Commissioner Coleman: thank you for the submitting in the short, but I want you to take up the time and better prepare the submission so that it can be submitted to us litter for review. I am interested in the issue of child Traficant, the issue of child labor, we want to know how prevalent is this issue, the issue of rape should also be mentioned for we want to get to know all this. We want to know about women care for the war has left a lot of women without husband.

Commissioner Washington: thank you very mush I thought it was a job well done in a very short notice. And the statement you read should be signed. Are you people part of SEWODA?

One of the SEWODA women is here; I am Valaria B. Samade a member of the South Eastern Woman Association.

Commissioner Stewart: thank you very much for the presentation and want to commend you for the courage. You have taken the roles of your husbands. What I want you to do for us is, in you institution you should get information on the women that were raped and what could be done to help them and what could be recommended to the government of Liberia so that they can be assisted. You the women have to gather the strength and courage and make a lot of noise so that the government can carry out the recommendations that will be put forward by the commission.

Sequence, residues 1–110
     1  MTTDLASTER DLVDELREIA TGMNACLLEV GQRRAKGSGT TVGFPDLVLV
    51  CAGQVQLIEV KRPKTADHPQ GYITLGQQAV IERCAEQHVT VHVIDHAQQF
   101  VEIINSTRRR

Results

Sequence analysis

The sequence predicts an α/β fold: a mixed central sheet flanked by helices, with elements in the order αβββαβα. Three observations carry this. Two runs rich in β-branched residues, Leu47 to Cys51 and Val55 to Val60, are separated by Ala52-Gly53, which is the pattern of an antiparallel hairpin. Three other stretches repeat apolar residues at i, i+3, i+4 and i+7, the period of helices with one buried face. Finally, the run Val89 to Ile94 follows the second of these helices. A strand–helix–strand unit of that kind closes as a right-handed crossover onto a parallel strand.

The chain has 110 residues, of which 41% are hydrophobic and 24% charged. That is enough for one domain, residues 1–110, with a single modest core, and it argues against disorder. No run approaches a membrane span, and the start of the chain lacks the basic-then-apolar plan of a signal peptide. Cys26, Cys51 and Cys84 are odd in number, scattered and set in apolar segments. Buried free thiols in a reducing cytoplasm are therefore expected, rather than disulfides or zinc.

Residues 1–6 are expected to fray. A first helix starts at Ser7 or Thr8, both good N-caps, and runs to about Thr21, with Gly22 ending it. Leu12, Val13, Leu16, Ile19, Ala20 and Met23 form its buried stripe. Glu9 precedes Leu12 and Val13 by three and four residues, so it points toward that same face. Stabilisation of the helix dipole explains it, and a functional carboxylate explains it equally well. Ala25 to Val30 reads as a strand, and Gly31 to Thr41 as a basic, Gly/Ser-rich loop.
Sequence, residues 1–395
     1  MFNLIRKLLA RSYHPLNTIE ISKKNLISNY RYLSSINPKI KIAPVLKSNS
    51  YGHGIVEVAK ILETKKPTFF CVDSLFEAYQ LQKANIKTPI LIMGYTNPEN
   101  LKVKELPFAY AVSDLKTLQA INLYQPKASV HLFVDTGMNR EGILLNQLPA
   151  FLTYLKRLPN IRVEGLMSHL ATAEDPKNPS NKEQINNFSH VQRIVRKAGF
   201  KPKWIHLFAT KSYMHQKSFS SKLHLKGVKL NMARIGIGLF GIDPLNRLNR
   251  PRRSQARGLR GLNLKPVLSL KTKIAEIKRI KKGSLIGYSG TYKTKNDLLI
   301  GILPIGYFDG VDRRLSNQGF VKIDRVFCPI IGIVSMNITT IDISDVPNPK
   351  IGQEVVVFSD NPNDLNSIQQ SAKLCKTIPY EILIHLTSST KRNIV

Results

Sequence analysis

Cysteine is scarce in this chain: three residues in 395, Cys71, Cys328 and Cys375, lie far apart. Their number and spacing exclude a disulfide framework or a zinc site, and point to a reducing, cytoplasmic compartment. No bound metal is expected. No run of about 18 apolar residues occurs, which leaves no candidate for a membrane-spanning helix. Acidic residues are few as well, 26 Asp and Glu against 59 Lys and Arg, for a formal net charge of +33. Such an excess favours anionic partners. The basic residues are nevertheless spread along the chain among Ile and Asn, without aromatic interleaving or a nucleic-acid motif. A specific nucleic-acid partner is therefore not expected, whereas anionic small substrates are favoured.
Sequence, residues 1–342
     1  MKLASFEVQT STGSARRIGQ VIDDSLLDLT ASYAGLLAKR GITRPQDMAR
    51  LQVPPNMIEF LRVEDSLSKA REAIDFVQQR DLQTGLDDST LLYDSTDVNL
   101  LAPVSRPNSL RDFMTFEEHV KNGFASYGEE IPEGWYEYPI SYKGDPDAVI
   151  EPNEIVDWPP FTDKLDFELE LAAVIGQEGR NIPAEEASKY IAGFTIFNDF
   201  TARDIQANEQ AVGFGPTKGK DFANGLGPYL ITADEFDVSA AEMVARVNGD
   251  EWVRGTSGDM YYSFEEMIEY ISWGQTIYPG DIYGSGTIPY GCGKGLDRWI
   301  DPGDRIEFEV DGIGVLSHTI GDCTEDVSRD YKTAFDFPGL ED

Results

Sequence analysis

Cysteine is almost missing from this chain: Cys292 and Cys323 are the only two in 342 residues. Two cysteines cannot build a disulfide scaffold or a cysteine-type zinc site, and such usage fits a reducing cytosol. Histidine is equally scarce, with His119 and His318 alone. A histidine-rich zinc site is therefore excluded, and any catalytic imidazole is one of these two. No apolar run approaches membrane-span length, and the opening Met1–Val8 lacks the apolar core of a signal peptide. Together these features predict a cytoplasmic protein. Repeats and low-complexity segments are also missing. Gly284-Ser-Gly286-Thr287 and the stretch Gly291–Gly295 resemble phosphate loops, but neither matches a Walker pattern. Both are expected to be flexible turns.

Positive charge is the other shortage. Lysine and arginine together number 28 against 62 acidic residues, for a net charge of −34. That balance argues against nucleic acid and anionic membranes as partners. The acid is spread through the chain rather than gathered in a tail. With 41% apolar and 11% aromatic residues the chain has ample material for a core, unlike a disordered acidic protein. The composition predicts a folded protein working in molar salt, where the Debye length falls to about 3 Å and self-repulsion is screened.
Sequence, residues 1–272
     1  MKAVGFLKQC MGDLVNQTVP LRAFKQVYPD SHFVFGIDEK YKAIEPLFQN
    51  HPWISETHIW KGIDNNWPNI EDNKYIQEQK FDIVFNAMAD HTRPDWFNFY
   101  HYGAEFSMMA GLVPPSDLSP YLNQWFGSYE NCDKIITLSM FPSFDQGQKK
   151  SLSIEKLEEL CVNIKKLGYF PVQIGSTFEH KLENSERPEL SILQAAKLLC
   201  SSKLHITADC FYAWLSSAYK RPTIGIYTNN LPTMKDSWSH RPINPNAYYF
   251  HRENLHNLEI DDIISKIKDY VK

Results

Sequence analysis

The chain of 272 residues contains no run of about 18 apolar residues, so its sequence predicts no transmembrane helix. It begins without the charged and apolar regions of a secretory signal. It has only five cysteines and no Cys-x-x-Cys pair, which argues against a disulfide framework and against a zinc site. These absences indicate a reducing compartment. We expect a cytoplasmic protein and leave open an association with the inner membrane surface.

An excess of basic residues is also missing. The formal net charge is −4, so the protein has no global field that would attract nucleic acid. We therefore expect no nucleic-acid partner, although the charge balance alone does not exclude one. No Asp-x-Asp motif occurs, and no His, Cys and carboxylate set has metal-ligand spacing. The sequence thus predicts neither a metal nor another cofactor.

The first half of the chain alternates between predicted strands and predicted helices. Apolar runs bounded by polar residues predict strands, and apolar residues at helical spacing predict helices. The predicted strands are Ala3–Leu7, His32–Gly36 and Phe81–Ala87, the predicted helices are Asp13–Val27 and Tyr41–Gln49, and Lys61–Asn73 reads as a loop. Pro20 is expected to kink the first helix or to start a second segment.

Chairman: I want to join my colleague to say thank you for what you have done and also that you should prepare better you presentation and all that you left should be included so that we can review it.

I want to say something about the killing business, the Gboyo (ritualistic killings), before the best way of bringing it out is by bringing the country doctor out to see the person who did the act, but the government say they should not do it again so this is way killing is rampant and nothing can be done about it. The last time they killed a watch man and said it was thieves. During the Allen Yancy time they brought a woman out from Grand Gedeh and they wanted to kill her and the man who was responsible for it was in Monrovia and we went to the Old woman and she show the man in the mirror and the people arrested him in Monrovia, the same thing about Anderson happened and it was the witch woman who show him up, she said it was a white man and they were able to get him. Now the government stopped all this and the killing is rampant, as such we want the government to give Marylanders chance so that they can continue this so that all the people can not finish in the county.

Institutional/Thematic Hearings Harper City, Maryland County
Presentation by Senator Gloria Musu Scott
(Third Institution)

The presenter of the Third Institution of the Thematic and Institutional Hearings was called to the stand and was sworn to tell the truth and nothing but the truth by the TRC Hearings Officer Pastor John Teayah.

At this stage we want to recognize the present of our Senator Gloria Musu Scott.